There is no doubt that hype trumps learning, and that’s just a fact; we have a wealth of available and immediate information now in the Internet age. It takes time for experts to discern what matters and what does not. But in the end, following the leader may be the best approach of all.
I’ve seen this exact same story so many times in the wild. Many companies (mostly enterprises) still don’t get their mind shifted from the old “this-is-my-application” (monolithic) to a new service oriented “cloud” architecture.
Developers still tend to think about it like the SOA approach they learned in a training (or at university) many years ago… but just inside their own world. So at the end, they often come up with a largely decoupled monolith, that still heavily depends on that one database or a “special” system configuration to make that application work.
Yesterday i found this one in my archives. It is a clip made out of many images, that have been taken during the development of COPE at Bechtle back in 2014/2015.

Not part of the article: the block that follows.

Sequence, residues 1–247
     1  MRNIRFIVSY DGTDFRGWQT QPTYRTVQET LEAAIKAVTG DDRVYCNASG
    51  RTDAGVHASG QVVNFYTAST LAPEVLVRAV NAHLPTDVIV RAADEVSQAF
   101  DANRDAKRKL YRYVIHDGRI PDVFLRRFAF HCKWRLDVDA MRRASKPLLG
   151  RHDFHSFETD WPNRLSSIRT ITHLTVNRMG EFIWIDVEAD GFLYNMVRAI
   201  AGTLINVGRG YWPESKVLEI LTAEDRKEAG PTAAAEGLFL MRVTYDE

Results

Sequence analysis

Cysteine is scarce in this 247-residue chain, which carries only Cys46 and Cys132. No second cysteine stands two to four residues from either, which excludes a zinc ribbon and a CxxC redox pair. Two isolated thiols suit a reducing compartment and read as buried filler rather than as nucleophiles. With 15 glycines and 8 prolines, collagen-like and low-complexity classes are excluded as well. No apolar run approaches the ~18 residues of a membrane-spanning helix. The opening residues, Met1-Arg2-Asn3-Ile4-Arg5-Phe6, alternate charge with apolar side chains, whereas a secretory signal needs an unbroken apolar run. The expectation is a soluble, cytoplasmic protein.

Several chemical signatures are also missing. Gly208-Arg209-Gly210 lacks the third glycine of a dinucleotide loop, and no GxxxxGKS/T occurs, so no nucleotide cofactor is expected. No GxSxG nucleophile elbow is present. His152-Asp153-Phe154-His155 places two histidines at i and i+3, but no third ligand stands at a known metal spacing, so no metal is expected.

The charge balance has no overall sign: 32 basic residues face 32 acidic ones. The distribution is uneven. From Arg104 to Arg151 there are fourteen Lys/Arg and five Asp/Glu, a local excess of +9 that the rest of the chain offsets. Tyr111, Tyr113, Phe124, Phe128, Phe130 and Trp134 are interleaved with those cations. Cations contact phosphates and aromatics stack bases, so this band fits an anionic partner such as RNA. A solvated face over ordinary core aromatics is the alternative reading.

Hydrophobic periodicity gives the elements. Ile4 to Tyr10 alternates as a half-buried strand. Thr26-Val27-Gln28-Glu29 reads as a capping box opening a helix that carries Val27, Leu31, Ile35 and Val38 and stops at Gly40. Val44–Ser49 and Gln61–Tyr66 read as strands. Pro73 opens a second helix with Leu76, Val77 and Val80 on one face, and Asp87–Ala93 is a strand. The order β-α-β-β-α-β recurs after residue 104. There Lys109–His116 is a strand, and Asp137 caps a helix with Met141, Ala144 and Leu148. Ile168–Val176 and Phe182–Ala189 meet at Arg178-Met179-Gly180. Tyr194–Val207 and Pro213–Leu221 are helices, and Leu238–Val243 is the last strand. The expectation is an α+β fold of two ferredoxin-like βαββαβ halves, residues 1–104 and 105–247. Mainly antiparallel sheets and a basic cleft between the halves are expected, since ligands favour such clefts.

If you like it and want to create something like this on your own. Here is a short step by step guide on how to do it on Mac OS X.
Step 1: Install imagesnap
brew install imagesnap
Step 2: Create post-commit hook
Add the following code from the gist below to a file called post-commit in your repo’s ~/.git/hooks/ folder.
Step 3: Enable permissions
Lets give the file some permission (making it executable by everyone).
sudo chmod +x ~/.git/hooks/post-commit
Step 4: Start committing and smiling
On first run, the script will create a folder called commit_images in your repo’s root. Then every time you commit code, a photo is added to the folder and to.gitignore automatically so you don’t have to.
The only downfall to this solution is you have to add it to each of your git repos manually. So if you have a lot of repos it might be a pain, but then again thats what writing a script is for, right? So behold…the global solution (for new repos)!
1. Enable git templates. This will copy everything in the .git-templates folder to any new git repositories when you git init